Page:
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Calendar's set method returns unexpected result on multiple invocations with different inputs

Rommel Sharma
Greenhorn

Joined: Oct 31, 2003
Posts: 17
Hi,

I am calling the set method of Calendar class
i.e. public final void set(int year, int month, int date)
twice from a class (say EmployeeManager) setting two different sets of values (say 5th March 2012 and 25th Feb 2010) and passing the values to the constructor of another class (say Employee) invoked for two different objects created of that (Employee) class. The set method is called the 2nd time only after it is passed the first time to the first constructor of the Employee class.

However when I retrieve the values, using a getter method of the Employee class I get the same date (I get back: 25 - Feb - 2010, that was passed the 2nd time).

Program and the output below:



This gives me:




The problem does gets fixed if we take take two different Calendar instances and use them e.g.




Why is the object of the Employee class not holding in its two different objects two sets of values specified using Calendar's set method when the Calendar instance is the same but values set are different each time?

Many thanks in advance for the response!
Winston Gutkowski
Bartender

Joined: Mar 17, 2011
Posts: 7699
    
  20

Rommel Sharma wrote:The problem does gets fixed if we take take two different Calendar instances and use them e.g.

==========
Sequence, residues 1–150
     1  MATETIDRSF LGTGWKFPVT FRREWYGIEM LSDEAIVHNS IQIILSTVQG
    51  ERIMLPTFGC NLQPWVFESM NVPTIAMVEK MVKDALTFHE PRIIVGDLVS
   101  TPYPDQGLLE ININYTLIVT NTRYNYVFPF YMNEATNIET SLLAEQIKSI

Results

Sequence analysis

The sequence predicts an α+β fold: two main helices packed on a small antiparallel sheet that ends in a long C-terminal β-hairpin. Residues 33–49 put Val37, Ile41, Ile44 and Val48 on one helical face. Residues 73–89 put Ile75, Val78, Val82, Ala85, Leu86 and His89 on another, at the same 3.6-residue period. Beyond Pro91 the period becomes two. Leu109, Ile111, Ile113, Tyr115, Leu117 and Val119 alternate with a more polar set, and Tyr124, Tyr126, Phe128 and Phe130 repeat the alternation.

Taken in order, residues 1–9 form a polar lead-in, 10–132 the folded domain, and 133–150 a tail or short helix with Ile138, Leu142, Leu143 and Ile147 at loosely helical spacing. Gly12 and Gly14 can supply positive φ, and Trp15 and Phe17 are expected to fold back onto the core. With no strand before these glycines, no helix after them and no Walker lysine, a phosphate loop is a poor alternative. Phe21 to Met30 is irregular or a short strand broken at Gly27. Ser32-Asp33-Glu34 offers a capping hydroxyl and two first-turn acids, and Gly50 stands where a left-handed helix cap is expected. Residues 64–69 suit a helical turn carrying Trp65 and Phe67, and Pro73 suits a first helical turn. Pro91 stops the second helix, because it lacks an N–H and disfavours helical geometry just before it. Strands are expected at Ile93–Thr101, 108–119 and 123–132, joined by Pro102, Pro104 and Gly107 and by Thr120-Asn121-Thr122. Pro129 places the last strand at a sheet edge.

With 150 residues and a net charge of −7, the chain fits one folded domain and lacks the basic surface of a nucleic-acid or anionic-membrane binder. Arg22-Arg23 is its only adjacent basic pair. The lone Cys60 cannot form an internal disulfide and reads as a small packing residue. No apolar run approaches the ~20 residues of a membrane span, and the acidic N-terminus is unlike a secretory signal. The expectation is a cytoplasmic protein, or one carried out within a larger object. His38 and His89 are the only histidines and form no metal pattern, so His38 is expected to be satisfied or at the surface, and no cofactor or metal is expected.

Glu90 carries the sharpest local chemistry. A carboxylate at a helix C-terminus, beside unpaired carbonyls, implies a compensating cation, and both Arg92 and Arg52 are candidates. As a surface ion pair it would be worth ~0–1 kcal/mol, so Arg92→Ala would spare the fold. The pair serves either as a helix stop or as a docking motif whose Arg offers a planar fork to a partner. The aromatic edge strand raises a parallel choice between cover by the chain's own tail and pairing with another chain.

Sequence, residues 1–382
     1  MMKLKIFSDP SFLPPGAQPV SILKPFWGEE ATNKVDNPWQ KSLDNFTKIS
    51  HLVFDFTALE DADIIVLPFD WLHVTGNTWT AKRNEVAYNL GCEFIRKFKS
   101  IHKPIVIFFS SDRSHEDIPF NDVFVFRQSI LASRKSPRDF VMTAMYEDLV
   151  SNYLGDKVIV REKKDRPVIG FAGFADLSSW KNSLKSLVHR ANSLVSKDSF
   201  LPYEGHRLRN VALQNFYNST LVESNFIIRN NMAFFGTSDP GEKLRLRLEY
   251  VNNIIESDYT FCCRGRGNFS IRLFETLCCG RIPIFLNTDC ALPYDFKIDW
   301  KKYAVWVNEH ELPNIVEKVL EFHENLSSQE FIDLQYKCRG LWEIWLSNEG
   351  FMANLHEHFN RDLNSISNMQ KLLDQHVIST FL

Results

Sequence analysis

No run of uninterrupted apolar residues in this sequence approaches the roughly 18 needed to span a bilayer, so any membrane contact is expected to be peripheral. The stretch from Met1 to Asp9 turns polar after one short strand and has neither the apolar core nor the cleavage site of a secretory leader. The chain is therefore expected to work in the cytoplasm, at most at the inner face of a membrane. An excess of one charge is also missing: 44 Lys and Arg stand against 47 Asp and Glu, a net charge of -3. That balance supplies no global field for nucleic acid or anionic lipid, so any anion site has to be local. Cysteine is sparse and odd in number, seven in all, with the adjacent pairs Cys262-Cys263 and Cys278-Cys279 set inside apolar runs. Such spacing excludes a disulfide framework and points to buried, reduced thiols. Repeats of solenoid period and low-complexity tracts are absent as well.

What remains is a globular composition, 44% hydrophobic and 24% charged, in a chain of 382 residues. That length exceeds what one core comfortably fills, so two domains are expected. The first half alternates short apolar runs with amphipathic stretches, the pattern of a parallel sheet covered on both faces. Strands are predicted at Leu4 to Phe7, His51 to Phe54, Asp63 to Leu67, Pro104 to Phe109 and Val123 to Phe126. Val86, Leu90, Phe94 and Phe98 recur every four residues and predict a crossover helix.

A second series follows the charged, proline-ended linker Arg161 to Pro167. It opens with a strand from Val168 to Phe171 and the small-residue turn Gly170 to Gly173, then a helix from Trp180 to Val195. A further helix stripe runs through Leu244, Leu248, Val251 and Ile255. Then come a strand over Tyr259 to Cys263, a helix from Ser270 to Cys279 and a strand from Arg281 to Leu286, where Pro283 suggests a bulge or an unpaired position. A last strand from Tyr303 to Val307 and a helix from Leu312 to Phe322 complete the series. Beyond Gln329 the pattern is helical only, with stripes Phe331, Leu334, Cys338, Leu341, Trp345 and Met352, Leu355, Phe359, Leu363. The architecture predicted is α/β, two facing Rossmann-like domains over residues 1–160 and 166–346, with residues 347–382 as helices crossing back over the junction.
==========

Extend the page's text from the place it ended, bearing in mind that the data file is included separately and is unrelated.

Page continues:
...
Why is the object of the Employee class not holding in its two different objects two sets of values specified using Calendar's set method when the Calendar instance is the same but values set are different each time?

I would have thought that your first statement, combined with your test, would have pointed you to the answer:
Your Employees are not holding two different objects; they are holding two different variables, each of which is a reference to the same Calendar object. And since Calendars are mutable, the value you see will be the one produced by the last set() call that was run on it.

If you want to keep your Calendars separate, you have no choice but to create a new one for each Employee.

Winston

PS: Please DontWriteLongLines (←click). I've broken yours up this time (the comment line in your last code snippet).

Isn't it funny how there's always time and money enough to do it WRONG?
Articles by Winston can be found here
Rommel Sharma
Greenhorn

Joined: Oct 31, 2003
Posts: 17
Thanks Winston, was back to the basics. Wrote a simple java program for discussing this in general, where custom classes involved are all mutable.
(so this question is not attributed to any particular class or method i.e. Calendar, set(...) ).




Shows:



thanks a lot!
Campbell Ritchie
Sheriff

Joined: Oct 13, 2005
Posts: 38481
    
  23
You have fallen into a standard pitfall. The second reference to a single object is called an alias. You should have seen that you can get round the problem by using defensive copies whevern you let that mutable object into or out of your object.That example depends on the Bar class having a copy constructor. There are other ways to copy objects. There is no need to mess around with copies for classes like String, because String is immutable.
 
It is sorta covered in the JavaRanch Style Guide.
 
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